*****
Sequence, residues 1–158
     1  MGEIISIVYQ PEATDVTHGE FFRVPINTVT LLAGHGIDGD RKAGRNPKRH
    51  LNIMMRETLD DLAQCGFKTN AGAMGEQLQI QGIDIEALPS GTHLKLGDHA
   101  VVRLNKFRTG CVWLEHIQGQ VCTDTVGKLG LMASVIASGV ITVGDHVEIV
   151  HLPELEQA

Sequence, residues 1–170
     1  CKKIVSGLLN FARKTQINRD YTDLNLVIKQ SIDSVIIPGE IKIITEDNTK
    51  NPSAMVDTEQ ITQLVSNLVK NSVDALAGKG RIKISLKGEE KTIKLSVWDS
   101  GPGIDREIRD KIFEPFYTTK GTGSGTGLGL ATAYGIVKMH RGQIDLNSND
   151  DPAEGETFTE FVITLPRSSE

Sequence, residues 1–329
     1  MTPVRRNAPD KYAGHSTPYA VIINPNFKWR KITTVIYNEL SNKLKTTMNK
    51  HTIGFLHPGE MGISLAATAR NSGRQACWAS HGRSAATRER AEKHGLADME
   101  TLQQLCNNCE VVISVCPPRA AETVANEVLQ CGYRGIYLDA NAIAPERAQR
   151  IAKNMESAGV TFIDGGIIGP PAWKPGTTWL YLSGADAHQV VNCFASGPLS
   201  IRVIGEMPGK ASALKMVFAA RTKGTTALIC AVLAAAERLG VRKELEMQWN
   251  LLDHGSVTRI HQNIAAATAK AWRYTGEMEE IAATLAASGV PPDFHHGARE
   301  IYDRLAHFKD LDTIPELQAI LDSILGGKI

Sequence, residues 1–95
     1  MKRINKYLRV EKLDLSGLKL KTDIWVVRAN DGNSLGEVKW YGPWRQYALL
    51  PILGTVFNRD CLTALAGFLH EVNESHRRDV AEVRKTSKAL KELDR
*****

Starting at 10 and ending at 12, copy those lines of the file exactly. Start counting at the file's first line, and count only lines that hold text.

   151  DPAEGETFTE FVITLPRSSE

Sequence, residues 1–329
     1  MTPVRRNAPD KYAGHSTPYA VIINPNFKWR KITTVIYNEL SNKLKTTMNK